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Synergistic Effects of Melittin and Plasma Treatment: A Promising Approach for Cancer Therapy

Research output: Contribution to journalArticle

Priyanka Shaw, Naresh Kumar, Dietmar Hammerschmid, Angela Privat-maldonado, Sylvia Dewilde, Annemie Bogaerts

Original languageEnglish
Article number1109
Pages (from-to)1-19
Issue number8
Early online date3 Aug 2019
Publication statusPublished - Aug 2019


King's Authors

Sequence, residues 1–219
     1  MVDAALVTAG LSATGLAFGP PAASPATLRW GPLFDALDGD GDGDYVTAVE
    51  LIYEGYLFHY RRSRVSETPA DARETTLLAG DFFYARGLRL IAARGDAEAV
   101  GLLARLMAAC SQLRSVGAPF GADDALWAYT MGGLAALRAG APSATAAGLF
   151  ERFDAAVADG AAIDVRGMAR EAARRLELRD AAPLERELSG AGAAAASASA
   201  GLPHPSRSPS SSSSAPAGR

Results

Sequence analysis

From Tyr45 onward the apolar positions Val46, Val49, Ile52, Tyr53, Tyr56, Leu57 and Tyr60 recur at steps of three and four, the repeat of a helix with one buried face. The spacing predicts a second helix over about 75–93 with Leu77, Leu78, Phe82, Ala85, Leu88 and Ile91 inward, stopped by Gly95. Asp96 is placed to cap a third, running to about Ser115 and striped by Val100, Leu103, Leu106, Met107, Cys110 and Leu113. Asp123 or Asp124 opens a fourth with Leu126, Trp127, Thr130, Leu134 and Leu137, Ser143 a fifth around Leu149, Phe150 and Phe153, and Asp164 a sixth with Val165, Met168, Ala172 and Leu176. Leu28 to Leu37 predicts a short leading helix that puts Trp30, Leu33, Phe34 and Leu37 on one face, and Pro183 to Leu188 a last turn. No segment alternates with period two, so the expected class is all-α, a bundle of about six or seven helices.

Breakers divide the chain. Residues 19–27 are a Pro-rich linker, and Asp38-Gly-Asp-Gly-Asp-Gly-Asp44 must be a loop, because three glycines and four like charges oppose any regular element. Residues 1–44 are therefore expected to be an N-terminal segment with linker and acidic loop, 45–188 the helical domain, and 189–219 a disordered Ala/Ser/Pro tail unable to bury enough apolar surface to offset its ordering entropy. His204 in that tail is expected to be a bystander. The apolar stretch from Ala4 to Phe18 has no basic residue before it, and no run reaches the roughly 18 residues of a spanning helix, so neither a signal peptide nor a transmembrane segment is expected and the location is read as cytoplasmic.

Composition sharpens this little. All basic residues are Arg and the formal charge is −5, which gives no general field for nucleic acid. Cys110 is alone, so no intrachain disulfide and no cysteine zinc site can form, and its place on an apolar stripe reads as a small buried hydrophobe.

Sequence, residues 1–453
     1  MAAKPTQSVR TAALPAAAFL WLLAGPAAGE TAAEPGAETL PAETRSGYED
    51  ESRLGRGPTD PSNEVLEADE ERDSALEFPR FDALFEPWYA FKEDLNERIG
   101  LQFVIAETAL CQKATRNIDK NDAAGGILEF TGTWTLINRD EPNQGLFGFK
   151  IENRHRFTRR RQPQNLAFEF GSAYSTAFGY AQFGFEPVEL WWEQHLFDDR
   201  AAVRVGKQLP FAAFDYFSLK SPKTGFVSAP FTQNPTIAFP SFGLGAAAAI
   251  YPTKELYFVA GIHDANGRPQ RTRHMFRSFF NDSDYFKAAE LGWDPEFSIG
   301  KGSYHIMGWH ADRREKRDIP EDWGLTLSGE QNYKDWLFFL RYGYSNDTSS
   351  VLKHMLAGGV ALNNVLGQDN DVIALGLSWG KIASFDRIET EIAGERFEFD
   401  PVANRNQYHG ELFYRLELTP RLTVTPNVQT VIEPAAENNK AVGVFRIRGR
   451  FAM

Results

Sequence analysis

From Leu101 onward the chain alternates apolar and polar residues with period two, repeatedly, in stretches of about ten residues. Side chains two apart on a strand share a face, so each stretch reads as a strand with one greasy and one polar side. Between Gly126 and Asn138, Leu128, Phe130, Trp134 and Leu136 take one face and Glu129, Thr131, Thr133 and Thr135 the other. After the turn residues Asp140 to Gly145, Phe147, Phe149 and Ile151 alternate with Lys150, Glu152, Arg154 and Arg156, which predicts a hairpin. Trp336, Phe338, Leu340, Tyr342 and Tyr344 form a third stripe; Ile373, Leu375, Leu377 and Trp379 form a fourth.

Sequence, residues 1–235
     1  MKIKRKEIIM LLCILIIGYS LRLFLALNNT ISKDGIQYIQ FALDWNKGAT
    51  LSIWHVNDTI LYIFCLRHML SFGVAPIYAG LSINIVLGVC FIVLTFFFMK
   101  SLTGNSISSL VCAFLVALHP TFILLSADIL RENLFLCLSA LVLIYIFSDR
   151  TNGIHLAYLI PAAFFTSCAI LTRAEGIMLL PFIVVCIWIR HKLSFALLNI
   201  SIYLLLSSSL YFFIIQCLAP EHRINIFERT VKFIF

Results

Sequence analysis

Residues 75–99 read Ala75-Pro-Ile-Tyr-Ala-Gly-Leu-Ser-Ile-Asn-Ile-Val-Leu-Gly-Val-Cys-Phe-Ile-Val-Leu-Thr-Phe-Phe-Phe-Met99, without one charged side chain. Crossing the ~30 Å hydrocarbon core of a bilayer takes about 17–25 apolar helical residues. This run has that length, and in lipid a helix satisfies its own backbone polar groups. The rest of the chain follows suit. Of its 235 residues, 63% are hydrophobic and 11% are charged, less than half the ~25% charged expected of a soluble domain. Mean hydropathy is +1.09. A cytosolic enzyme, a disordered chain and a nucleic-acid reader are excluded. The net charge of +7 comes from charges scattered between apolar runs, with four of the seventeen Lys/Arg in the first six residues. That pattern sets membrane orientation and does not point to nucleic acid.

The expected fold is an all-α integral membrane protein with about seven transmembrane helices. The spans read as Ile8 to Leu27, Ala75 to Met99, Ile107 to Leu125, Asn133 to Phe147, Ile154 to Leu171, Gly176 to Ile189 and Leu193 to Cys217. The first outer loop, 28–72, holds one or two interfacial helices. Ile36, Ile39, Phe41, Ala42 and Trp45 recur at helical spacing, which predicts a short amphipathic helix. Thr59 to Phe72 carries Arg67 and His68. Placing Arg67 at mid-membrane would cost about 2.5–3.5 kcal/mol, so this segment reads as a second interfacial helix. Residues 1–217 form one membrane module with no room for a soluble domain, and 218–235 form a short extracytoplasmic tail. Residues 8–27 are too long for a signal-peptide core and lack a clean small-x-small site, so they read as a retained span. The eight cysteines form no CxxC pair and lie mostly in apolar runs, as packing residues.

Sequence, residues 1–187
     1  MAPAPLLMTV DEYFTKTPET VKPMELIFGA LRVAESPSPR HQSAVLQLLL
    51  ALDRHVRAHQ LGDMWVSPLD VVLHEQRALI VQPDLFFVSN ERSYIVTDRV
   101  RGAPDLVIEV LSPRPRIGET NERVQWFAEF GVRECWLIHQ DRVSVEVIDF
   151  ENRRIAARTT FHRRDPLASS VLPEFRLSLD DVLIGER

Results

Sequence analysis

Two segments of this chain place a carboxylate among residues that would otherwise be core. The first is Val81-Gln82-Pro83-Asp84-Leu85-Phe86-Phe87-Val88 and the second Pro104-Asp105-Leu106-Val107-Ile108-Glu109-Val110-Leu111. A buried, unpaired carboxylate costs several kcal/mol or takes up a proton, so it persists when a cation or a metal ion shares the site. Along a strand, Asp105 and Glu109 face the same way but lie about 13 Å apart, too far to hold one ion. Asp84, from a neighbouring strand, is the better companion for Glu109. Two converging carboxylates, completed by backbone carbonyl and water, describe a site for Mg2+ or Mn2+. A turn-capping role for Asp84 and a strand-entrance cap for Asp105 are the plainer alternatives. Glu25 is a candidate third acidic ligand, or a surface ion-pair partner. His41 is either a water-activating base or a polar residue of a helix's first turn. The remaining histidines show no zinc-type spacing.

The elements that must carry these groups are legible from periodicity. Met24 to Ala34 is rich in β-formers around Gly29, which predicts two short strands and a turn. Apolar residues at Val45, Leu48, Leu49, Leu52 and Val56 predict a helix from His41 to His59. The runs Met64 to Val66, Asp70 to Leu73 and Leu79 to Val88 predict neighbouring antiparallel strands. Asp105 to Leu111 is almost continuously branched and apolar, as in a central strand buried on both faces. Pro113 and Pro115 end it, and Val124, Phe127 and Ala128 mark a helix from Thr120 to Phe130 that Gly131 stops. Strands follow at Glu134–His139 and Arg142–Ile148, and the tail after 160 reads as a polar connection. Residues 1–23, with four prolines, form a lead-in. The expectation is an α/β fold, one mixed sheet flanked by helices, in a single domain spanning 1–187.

Melittin (MEL), a small peptide component of bee venom, has been reported to exhibit anti-cancer effects in vitro and in vivo. However, its clinical applicability is disputed because of its non-specific cytotoxicity and haemolytic activity in high treatment doses. Plasma-treated phosphate buffered saline solution (PT-PBS), a solution rich in reactive oxygen and nitrogen species (RONS) can disrupt the cell membrane integrity and induce cancer cell death through oxidative stress-mediated pathways. Thus, PT-PBS could be used in combination with MEL to facilitate its access into cancer cells and to reduce the required therapeutic dose. The aim of our study is to determine the reduction of the effective dose of MEL required to eliminate cancer cells by its combination with PT-PBS. For this purpose, we have optimised the MEL threshold concentration and tested the combined treatment of MEL and PT-PBS on A375 melanoma and MCF7 breast cancer cells, using in vitro, in ovo and in silico approaches. We investigated the cytotoxic effect of MEL and PT-PBS alone and in combination to reveal their synergistic cytological effects. To support the in vitro and in ovo experiments, we showed by computer simulations that plasma-induced oxidation of the phospholipid bilayer leads to a decrease of the free energy barrier for translocation of MEL in comparison with the non-oxidized bilayer, which also suggests a synergistic effect of MEL with plasma induced oxidation. Overall, our findings suggest that MEL in combination with PT-PBS can be a promising combinational therapy to circumvent the non-specific toxicity of MEL, which may help for clinical applicability in the future.

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